CERN Accelerating science

AWAKE gears up for its Second Run

CERN’s Long Shutdown 2 (LS2) proved an excellent opportunity for the Advanced Wakefield (AWAKE) experiment to consolidate its plans and prepare for its second run following the successful results from Run 1. We met with Giovanni Zevi Della Porta, the run coordinator, to discuss the lessons carried forward from Run 1 and the main goals of the collaboration.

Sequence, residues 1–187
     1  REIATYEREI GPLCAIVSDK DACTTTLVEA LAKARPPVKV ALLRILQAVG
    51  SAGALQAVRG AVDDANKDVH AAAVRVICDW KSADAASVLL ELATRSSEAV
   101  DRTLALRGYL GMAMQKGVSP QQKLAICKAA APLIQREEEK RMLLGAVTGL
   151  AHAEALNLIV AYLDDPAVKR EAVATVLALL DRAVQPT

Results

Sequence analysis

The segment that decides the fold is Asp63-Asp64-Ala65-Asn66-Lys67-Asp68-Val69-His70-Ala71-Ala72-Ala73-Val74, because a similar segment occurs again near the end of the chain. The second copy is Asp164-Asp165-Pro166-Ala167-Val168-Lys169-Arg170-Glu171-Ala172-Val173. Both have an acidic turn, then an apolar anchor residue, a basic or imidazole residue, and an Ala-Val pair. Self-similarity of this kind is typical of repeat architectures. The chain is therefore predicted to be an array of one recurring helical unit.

The main principle of AWAKE is the use of a proton bunch driver beam in a plasma, generating wakefields that can accelerate a trailing electron bunch to high energies. Different ways to create plasma wakefield acceleration exist worldwide, including the use of lasers or electrons to “drive” the wake in the plasma, but what makes AWAKE unique is the use of high-energy protons delivered from CERN’s SPS. Protons from the SPS, travelling with an energy of 400 GeV, are injected into the 10 meter long “plasma cell” of AWAKE, which contains Rubidium gas uniformly heated to 180ºC or higher. These protons are accompanied by a laser pulse that ionizes the Rubidium gas creating a plasma. As this drive beam of positively charged protons travels through the plasma, it causes the otherwise-randomly-distributed negatively charged plasma-electrons to oscillate in a wavelike pattern creating wakefields. An electron bunch is then injected into the oscillating plasma at relatively low energies and “rides” the plasma wave to get accelerated. During AWAKE Run 1 (2016 – 2018), AWAKE successfully demonstrated for the first time that a proton beam can be used to drive wakefields in plasma and subsequently showed that externally injected electrons get accelerated from 20 MeV to 2 GeV over a length of 10 meters, i.e. achieving an average accelerating gradient of 200 MV/m – a gradient much stronger than achieved using conventional technologies.